Broken Innocence

By , Concord, MA
“Momma, where you going?”
She doesn’t look back.
“Momma, are you leaving me?”
She glances over her shoulder,
Eyes flinty,
Smile cold.

There’s a little girl,
Running down the stairs,
Dragging a stuffed giraffe,
Pigtails soaring,
Cheeks rosy,
Eyes bright.

She clutches her giraffe.
Innocent.
She looks to the gun in her mom’s hand.
Naïve.
She waits for her mother to speak.
Expectant.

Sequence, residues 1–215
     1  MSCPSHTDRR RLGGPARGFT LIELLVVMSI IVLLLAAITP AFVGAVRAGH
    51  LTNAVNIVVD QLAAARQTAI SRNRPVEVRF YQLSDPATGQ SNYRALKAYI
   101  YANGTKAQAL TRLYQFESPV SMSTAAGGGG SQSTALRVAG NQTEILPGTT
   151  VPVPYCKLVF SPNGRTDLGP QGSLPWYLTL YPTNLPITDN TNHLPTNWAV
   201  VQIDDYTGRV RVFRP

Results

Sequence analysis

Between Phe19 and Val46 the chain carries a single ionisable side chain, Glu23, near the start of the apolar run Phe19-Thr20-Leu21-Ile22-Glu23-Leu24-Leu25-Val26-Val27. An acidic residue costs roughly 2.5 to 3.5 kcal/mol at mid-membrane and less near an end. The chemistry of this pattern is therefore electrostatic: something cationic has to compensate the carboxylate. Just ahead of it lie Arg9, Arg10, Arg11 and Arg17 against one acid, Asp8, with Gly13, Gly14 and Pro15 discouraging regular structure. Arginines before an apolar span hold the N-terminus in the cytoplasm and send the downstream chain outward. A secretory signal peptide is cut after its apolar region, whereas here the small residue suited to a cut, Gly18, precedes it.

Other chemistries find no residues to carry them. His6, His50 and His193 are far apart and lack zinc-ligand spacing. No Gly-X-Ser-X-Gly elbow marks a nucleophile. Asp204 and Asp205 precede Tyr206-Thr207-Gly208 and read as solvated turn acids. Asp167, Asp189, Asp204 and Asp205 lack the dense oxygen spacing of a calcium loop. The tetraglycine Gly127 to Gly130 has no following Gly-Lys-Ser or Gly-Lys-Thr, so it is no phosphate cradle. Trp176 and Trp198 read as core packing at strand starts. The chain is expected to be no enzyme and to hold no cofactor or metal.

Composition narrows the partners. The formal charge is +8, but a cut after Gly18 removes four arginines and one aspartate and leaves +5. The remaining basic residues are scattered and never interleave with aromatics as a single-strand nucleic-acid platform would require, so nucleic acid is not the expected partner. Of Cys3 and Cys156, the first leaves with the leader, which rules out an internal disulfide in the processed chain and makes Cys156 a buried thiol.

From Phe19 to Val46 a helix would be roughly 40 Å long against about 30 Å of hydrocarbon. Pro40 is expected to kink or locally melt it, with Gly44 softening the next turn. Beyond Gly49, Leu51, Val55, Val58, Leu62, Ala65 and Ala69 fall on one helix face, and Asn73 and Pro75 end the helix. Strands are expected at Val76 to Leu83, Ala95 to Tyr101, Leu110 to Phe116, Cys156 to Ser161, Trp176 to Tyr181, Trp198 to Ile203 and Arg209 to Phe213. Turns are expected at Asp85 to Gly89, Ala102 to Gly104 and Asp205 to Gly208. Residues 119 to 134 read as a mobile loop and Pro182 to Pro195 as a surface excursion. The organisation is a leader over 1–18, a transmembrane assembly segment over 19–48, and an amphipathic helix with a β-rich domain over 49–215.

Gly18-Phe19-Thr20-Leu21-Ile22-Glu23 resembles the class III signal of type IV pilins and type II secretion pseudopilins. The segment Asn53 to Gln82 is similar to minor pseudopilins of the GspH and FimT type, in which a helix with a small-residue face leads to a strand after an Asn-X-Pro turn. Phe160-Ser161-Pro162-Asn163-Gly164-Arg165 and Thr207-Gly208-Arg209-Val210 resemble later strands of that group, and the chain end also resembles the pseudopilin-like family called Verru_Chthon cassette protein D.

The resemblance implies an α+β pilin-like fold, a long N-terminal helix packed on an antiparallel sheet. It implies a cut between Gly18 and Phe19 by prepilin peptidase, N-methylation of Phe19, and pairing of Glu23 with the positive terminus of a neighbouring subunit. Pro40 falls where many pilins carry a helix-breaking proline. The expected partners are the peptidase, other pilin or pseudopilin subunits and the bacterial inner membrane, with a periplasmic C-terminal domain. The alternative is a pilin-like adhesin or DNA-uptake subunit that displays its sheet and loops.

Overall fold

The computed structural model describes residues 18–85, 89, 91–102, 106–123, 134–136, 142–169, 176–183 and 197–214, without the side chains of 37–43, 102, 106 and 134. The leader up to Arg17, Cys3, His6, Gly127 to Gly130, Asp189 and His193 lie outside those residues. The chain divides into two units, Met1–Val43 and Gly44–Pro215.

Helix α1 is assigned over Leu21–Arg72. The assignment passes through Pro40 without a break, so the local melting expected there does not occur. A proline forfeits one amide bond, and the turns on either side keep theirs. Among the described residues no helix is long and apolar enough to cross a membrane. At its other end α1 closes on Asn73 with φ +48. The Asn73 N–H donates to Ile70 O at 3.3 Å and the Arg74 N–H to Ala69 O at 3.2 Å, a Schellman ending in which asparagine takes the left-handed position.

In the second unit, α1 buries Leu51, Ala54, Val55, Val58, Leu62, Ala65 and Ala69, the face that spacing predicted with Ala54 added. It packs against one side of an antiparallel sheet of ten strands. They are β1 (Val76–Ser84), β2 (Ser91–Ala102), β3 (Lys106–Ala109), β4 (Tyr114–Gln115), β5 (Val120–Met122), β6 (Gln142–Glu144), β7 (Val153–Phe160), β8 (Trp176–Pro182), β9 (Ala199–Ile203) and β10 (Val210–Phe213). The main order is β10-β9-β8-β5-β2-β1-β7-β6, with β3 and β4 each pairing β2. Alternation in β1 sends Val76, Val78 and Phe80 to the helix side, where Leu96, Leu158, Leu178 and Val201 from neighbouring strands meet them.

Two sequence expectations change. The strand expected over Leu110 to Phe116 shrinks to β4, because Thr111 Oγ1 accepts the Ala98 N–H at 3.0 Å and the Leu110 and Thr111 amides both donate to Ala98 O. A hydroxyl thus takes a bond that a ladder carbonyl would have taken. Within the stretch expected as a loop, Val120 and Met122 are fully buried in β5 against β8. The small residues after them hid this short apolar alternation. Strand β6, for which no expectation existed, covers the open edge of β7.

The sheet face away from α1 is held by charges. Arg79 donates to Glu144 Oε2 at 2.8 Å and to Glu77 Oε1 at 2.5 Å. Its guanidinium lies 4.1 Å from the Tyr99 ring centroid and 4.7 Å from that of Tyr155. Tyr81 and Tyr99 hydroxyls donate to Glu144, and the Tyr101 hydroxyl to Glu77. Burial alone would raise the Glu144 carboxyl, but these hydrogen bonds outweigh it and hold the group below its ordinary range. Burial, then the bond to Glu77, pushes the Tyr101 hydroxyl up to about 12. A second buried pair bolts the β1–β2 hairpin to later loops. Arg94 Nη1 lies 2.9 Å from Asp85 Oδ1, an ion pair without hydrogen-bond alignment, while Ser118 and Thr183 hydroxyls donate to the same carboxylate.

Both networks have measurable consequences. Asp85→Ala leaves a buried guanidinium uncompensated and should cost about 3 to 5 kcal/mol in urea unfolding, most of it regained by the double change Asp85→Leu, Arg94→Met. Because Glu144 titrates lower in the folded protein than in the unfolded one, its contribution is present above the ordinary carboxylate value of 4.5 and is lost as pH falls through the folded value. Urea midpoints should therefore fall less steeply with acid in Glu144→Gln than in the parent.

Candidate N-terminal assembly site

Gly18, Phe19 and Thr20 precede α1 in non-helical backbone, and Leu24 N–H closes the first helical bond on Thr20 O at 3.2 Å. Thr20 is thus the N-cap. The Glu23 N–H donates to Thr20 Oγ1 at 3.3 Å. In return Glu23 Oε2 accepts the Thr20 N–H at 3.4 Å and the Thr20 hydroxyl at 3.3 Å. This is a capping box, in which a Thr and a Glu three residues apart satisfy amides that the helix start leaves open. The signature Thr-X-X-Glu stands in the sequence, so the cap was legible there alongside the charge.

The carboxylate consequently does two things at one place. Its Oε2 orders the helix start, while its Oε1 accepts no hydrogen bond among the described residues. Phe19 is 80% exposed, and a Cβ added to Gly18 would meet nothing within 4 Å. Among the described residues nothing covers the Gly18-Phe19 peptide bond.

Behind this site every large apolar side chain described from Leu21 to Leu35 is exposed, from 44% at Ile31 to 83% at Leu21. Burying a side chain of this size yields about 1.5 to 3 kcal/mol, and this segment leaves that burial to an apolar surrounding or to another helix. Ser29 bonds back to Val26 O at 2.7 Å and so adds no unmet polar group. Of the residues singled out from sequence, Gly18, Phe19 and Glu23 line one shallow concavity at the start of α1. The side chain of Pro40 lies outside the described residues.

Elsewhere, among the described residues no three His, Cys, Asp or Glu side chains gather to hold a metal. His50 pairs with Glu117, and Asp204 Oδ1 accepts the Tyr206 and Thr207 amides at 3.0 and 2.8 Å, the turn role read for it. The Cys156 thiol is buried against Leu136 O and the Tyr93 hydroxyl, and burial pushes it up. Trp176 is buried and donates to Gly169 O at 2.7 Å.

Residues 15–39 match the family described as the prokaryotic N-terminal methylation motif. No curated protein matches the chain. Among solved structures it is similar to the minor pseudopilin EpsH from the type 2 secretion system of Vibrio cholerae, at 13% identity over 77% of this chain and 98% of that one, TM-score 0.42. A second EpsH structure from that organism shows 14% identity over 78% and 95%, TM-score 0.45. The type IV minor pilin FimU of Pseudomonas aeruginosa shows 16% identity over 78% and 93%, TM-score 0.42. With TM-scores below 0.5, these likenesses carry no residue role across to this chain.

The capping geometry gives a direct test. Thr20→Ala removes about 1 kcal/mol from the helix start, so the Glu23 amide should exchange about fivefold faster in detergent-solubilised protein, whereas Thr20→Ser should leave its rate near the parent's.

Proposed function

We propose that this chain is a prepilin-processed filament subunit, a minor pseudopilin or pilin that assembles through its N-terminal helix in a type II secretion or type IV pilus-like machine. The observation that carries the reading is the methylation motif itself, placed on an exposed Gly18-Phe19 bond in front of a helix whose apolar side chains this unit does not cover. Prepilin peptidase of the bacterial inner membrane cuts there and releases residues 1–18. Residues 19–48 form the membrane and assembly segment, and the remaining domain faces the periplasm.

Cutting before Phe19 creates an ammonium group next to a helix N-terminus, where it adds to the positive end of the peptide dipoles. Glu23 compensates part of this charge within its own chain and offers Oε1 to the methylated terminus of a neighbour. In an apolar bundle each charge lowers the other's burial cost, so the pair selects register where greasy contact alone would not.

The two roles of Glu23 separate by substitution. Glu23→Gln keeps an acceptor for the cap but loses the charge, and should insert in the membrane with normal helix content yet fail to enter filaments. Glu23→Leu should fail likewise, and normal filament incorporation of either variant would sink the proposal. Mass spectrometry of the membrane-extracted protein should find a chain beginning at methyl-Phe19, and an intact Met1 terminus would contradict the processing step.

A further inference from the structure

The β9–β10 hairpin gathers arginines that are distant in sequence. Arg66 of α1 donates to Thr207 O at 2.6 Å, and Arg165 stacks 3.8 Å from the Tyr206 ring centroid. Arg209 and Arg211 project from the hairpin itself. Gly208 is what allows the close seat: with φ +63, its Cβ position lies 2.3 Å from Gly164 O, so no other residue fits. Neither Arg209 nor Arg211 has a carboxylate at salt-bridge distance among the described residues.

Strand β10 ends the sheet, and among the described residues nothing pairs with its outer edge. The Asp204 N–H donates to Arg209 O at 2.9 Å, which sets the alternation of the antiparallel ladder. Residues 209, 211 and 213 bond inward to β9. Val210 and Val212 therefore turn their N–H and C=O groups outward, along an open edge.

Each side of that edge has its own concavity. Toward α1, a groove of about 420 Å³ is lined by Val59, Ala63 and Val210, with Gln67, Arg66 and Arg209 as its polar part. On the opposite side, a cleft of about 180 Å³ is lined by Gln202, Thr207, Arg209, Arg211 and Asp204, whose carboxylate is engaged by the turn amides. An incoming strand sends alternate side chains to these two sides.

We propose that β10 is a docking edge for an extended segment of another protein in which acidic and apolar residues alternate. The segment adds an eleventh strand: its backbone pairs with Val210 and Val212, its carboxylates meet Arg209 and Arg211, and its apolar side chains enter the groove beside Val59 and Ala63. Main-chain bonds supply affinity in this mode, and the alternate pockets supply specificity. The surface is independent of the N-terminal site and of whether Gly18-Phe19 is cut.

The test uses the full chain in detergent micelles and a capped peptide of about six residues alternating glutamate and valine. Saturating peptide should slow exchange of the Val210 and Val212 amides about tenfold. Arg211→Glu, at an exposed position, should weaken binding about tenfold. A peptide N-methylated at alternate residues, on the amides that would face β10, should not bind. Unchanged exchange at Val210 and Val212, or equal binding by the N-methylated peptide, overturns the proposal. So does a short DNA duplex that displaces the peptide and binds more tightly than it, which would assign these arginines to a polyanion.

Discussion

“Momma’s leaving,” the woman says.
Patronizing.
“Momma’s leaving and never coming back.”

Bang.
And she never did.

Years later, she sits
Somewhere no one knows her.
She has no family now.
Only people who pretend to love her.
Fake, all of them.
Just like her.

She stares out the window.
Jaded.
She blinks down at the razorblade in her hand.
Wordly.
She waits for her perfect opportunity.
Patient.

Her giraffe sits,
Beaten and branded by
The wear of Time.
He droops, too weak to stand.
Broken.

The razorblade slides,
And crimson gushes.
The giraffe falls.
And so does she.





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